this team. My title is "Team Contact", and on Launchpad and such,
"administrator", but that is explicitly not "dictator" or anything
like that. My role is to serve as a central contact point and to
provide direction and such for the team, but YOU are the team. If you
think there should be a social event in Northfield, organize and
announce it! If you want an installfest in Bemidji, make it happen!
If you want to distribute Ubuntu CDs at a local school, go ahead! You
don't need to "ask permission" or anything to do something in this
team - the only rules are to abide by the Ubuntu Code of Conduct
(http://www.ubuntu.com/community/conduct/), which basically means
things should be appropriate, legal, and respectful. On the other
hand, by all means do communicate with others on the team about what
you want to do, get others involved in your project, and ask for
advice if you need it, etc.
Hopefully that answers a few questions about what this group is all
about, but I'm sure there are more, so bring 'em on!
What is the current state of this LoCo?
So now that we know what a LoCo is, and that we have one, where do
things stand for Ubuntu Minnesota? What are the available resources,
past/present activities, membership levels, etc.?
First off, this group is a little over two years old, having been
started in August of 2007. Things have gone in fits and starts since
then, but are only now settling into a more regular pattern. It's up
to you to keep that momentum going! In terms of on-paper numbers,
there are currently 127 people subscribed to this mailing list, 76
members on the Launchpad team, and we hover around 15 people on the
IRC channel. For comparison, that Launchpad number is similar to
Wisconsin, a little under half that of Illinois and Michigan, and 5
times that of South Dakota.
Events so far have consisted entirely of release parties every six
months, which have been held for quite some time in the Twin Cities,
and the first one outstate happening for Karmic in Duluth/Superior.
While this is nice, once every six months and only in part of the
state isn't really enough to foster community among us, so there are
three goals for the upcoming months:
1) Regular IRC (online) meetings/gatherings. These are handy as they
give us a specific time for everyone to come together and chat in a
way that transcends all of our geographical limitations. Some of the
time will be discussing projects and goals, while the rest of the time
will be getting to know each other and talking about what people find
interesting that draws us together in Ubuntu. Successful teams have
IRC meetings on a regular basis, usually once per month. I am
therefore proposing that we start such a schedule, with the initial
plan being to shoot for the first Monday of the month (and seeing how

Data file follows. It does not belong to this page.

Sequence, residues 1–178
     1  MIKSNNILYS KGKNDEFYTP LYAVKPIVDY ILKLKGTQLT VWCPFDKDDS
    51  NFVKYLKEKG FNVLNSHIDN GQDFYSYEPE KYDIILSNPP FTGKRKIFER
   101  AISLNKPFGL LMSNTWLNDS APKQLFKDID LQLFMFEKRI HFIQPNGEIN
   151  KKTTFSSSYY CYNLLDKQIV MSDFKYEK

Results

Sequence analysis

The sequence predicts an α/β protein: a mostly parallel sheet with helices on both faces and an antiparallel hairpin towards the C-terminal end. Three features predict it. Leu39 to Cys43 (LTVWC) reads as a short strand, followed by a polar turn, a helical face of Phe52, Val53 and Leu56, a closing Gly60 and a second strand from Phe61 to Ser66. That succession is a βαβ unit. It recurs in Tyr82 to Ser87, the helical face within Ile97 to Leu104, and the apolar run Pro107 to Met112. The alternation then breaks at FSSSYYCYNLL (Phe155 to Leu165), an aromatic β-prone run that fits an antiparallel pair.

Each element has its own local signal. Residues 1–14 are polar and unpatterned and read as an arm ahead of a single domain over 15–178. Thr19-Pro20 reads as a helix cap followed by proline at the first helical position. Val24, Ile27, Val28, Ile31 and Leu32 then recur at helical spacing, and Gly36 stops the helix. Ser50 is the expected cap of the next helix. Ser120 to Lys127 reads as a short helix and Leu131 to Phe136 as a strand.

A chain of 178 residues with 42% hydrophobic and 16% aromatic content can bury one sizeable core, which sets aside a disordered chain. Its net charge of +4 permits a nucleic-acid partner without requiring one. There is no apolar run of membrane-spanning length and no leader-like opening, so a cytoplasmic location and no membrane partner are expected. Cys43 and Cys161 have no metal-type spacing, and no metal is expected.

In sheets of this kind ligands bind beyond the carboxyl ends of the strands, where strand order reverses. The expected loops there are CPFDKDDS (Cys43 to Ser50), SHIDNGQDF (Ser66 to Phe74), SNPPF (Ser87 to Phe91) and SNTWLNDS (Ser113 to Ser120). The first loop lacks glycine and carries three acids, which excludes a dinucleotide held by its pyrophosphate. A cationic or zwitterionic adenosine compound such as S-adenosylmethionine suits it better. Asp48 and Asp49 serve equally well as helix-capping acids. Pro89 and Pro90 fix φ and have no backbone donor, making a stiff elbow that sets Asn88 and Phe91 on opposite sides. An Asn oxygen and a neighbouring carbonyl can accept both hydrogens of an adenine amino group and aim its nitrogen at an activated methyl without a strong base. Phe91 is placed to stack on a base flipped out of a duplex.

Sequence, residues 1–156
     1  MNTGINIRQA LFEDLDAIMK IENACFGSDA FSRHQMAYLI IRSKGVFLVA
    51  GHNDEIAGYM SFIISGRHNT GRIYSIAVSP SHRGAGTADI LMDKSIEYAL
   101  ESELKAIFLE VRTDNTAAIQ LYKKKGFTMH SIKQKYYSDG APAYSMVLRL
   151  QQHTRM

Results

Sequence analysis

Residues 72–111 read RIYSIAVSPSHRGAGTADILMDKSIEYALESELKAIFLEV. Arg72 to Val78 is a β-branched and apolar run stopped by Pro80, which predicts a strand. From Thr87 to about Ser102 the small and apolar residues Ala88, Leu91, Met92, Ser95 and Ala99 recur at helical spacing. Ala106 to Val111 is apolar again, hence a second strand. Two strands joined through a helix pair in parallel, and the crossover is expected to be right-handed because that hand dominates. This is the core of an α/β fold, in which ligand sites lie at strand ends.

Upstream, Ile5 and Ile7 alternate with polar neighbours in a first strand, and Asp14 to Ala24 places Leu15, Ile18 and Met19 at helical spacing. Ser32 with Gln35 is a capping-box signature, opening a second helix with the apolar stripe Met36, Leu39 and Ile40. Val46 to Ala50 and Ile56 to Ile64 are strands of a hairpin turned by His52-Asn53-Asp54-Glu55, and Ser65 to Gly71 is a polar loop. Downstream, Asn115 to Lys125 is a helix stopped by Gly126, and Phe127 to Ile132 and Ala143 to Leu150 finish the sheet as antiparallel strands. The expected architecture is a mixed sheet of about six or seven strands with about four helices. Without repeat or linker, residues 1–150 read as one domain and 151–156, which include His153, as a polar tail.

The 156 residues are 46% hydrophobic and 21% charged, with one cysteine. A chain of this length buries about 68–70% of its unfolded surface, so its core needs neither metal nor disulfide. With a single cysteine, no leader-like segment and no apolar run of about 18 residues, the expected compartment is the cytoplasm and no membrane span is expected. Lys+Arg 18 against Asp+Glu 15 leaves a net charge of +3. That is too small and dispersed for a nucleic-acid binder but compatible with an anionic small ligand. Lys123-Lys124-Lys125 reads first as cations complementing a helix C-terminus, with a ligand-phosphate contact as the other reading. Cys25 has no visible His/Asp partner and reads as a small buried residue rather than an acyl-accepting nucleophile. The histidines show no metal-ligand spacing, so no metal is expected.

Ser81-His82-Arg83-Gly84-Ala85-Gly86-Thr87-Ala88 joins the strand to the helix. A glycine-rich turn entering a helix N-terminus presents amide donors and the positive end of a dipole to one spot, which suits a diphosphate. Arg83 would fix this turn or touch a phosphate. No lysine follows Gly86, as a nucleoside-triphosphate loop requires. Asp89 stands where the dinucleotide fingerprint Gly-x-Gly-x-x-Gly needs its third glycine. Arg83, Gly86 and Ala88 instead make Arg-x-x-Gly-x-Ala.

that works for people), at 7:00 PM Central Time. That makes the first
such meeting NEXT WEEK, on Monday December 7th, from 7:00 - 8:00 PM in
#ubuntu-us-mn on Freenode. You can participate through your favorite
client or just by visiting
in your web browser.
2) In-person events outside of the usual April/October release
events. These don't need to be big and formal - just tell people
you'd like to hang out, and pick a time and place. I'll be offering
some more suggestions for such things in future e-mails, but go ahead
and just start planning your own whenever you can! Someone on IRC
suggested that going bowling would be fun, and that should be easy to
pull together in any part of the state. I'd totally be in for that
3) When Lucid release comes around in April, I'd love to see at least
5 release events - one for each part of the state: East Metro, West
Metro, Northeast, Northwest, and South. Start thinking about whether
you could help organize one for your region now, and we'll revisit
this in a future thread as well.
For available resources and fora, we have just about everything, but
they are admittedly a bit scattered. One of the major goals of our
under-construction web site (http://ubuntu-minnesota.org/) is to
centralize a list of these and make stuff easier to find. Let myself
or Caleb (Takyoji) know if you'd be interested in helping with that
project. In the meantime, here's a list of everything available to
This mailing list - https://lists.ubuntu.com/mailman/listinfo/ubuntu-us-mn
The Launchpad team - https://edge.launchpad.net/~ubuntu-minnesota
The Launchpad project -
https://edge.launchpad.net/ubuntu-minnesota-projects (for Blueprints,
Bazaar branches, and other stuff we'll cover more later)
The wiki section - https://wiki.ubuntu.com/MinnesotaTeam
The forums - http://minnesota.ubuntuforums.org/
The IRC channel - #ubuntu-us-mn on Freenode /
Our Roadmap document - https://wiki.ubuntu.com/Roadmaps/Lucid/MinnesotaTeam
Our Google Calendar -
I know that list is a bit overwhelming, so please ask about any of
those that you're not sure what they're for - it gets a bit murky at
As far as general activity, you can see from your inboxes that this
list doesn't have a great deal of traffic yet. The IRC channel is
similar. What will really help this team to get off the ground and
become awesome like some others is for our community to start
*communing* - that is, talk! Write an e-mail, come on IRC, or post to
the forums! These things aren't just for support problems or planning
and announcements - they're for you to interact with your fellow
Ubuntu users in the state of Minnesota, and enjoy all that that